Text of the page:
Useful life of a computer for someone in the tech industry is two to three years for developers, two to four years for everyone else.
Useful life of a computer for a business is until it dies, ceases to perform it's function.
For tax purposes for businesses, computers can be written off in the first year via Section 179 or depreciated over five years. Section 179 is cool (accountant in my former life).
For home buyers, I'm guessing in reality the useful life of a computer is five to seven years. It should be more like seven plus years but then we can also break this down into parts, e.g. 1 TB hard drive should last 10 years, network hub 10 years, monitor 7 years, actual computer 5 years. It really sucks that this is the case. Computers should last longer, at least 10 – 12 years.
Our current computer set-up
- Our home setup (Mac Mini still on Panther) was put into place on April 2006.
- Work setup (MacBook now w/ Leopard) was put in place on August 2006.
- Work setup (IBM X31 laptop, with Windows XP) was put in place on August 2004.
Next year will be when we do our hardware upgrade.
I'm not a chocolate connoisseur either.
As we're nearing Valentine's Day here are my favorites:
But, I usually just eat slivers of the big baking chocolate bars
* Part of the Eatwell Ecosystem
I'm not a coffee connoisseur but lucky to be in the Bay Area where there's lots of really good coffee. These are the coffee blends I like:
- Blue Bottle (Oakland based) – Bella Donovan and Espresso Temescal usually
- Cole Coffee (Oakland based) – Max's Blend, for cyclists
- Mr. Espresso (Oakland based) – Gold Medal Blend
- Peet's (Berkeley based) – Major Dickinson's Blend, for cyclists
- Peerless coffee (Oakland based)- not sure what blend I like but lots of restaurants and donut shops serve their coffee
- Lion Coffee – 100% Kona coffee
I use a Chemex coffee maker primarily and also a Bialetti espresso maker, and a French press.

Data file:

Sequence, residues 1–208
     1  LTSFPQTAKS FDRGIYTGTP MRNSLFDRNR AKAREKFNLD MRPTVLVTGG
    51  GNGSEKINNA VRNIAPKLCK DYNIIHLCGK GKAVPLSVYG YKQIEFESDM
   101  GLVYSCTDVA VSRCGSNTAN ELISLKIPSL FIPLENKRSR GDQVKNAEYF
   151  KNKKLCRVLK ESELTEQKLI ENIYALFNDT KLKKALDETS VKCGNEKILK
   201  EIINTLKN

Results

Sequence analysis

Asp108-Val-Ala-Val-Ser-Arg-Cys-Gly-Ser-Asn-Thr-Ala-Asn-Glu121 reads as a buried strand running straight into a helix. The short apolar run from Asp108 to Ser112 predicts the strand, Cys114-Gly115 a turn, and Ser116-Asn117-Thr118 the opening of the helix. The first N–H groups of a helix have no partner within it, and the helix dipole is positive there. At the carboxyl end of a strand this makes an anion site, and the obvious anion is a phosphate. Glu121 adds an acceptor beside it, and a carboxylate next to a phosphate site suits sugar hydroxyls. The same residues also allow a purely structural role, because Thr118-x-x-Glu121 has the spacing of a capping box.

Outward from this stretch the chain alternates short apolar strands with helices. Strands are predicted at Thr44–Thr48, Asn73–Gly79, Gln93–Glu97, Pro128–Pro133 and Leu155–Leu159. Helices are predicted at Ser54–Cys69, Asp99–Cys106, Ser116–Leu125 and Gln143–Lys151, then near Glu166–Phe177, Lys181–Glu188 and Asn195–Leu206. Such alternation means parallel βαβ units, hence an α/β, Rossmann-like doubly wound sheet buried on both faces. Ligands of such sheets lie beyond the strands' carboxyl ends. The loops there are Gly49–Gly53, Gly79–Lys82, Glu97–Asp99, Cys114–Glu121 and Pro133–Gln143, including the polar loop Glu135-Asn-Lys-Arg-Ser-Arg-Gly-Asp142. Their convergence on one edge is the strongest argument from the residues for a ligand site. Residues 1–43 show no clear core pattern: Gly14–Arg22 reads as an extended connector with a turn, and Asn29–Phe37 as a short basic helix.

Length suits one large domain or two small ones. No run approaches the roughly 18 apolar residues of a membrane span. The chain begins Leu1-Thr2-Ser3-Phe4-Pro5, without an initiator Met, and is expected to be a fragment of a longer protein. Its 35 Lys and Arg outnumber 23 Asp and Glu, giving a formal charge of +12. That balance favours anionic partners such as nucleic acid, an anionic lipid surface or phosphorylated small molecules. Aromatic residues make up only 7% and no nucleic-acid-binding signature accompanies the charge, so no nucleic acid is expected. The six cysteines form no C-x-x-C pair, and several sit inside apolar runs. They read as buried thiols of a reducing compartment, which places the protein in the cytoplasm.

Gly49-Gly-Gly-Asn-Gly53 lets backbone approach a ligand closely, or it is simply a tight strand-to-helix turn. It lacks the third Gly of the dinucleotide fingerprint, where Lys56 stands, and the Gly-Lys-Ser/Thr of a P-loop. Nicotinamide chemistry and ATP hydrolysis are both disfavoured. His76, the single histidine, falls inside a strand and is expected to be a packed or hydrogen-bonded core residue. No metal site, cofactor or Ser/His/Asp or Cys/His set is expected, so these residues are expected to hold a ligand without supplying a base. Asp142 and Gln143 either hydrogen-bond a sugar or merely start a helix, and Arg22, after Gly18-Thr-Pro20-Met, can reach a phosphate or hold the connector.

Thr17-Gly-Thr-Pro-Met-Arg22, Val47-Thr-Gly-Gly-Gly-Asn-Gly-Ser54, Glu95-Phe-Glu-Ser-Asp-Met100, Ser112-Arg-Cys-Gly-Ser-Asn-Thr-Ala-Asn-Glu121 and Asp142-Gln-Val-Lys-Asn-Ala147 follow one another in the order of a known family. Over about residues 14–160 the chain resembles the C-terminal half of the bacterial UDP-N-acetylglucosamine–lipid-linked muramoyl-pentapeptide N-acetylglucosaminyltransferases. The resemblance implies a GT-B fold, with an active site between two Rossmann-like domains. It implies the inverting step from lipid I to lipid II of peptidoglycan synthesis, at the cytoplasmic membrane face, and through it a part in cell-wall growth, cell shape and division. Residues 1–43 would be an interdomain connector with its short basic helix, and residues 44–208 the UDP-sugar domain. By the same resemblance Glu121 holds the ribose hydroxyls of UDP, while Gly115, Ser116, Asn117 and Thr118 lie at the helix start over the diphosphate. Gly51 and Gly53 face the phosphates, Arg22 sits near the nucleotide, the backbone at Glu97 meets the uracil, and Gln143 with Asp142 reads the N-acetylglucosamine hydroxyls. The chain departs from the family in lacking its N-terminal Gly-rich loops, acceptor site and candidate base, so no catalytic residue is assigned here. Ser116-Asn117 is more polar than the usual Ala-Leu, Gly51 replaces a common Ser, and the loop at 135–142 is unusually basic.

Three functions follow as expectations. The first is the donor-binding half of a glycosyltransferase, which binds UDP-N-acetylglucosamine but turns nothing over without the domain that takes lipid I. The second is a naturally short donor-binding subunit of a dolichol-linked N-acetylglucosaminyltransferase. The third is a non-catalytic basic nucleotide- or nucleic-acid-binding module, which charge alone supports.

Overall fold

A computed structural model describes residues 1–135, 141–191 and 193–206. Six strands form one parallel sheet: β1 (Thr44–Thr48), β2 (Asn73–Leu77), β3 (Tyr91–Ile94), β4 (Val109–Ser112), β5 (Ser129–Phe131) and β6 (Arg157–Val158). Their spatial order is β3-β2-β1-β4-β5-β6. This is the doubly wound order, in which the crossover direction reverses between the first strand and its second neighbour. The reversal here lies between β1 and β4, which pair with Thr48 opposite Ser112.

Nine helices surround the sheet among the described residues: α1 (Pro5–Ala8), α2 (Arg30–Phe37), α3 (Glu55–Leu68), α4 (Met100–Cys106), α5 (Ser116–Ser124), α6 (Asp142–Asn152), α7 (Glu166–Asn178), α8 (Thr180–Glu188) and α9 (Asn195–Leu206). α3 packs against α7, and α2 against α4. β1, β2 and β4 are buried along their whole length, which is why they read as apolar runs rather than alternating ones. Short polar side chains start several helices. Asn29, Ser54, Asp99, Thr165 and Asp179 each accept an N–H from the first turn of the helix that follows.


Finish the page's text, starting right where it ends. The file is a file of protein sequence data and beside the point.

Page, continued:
Apparently, the California Active Lifestyle Diet doesn't exist. So let's make it up.
The diet is going to consist of the following:
- Setting up the environment
- Exercise – a lot of it, 6 days a week at least one hour, and pretty much all weekend
- Local food and just enough
Setting up the environment is about hanging out with the right people, keeping the kitchen free from junk and temptation, setting up the home so that it's conducive to exercise, and getting all the right equipment for working out.
Exercise. If in California and in the Bay Area especially, we've got a gorgeous playground.
Just enough food and local and fresh is best. Will start out with basics and expand.
Motivation – health, family, long life. But seeing normal people lose crazy weight helps too.
Tools – a journal, a scale, a water bottle, exercise mat, etc.
- The goal: 100lbs. in one year. 2 lbs a week.
- My goal is to drop 15-20lbs by July.
There are some nice looking suits from Hart Schaffner Marx (where President Obama gets his suits) at quite a reasonable price — from $350 on sale to $700 regular price. If I didn't have suits already, I'd buy a few like the solid navy and navy pinstripe worsted, the charcoal worsted, and maybe the black w/ rust stripe.
They look like they're well made.
I'd love an induction range w/ a convection oven and some sort of solution for a wok (doesn't exist), but instead of that, I hear the BlueStar range is the one to go with and we'll probably be getting one in the next couple of weeks.
Probably the 30" BlueStar Residential Nova Burner. It's supposed to produce some crazy heat, is well reviewed, and beat out Viking and some other "professional for the home" grade ranges.
We're doing a light kitchen remodel hopefully start end of January and end in February, early March:
- range, cork floors, new sink/faucet, new counter tops, range hood, backsplash
We're going to go with Paperstone for the counter tops, a 100% recycled paper product. Cheap, looks good, and seems like a responsible company/product. Vetrazzo and Icestone do recycle glass counter tops that look great too. May yet go with one of those companies but might be too expensive.
I'm looking forward to the following this year:
- product launches
- Summer Olympics
- Presidential Election
- Mozilla 10 year anniversary, Firefox 3 (IE 8 probably won't launch until late 2009 or mid 2010 fwiw)
- Honu Half triathlon with in May, Chronicle Marathon in August
- Wrap up home remodeling
Fairly basic. That's it for now.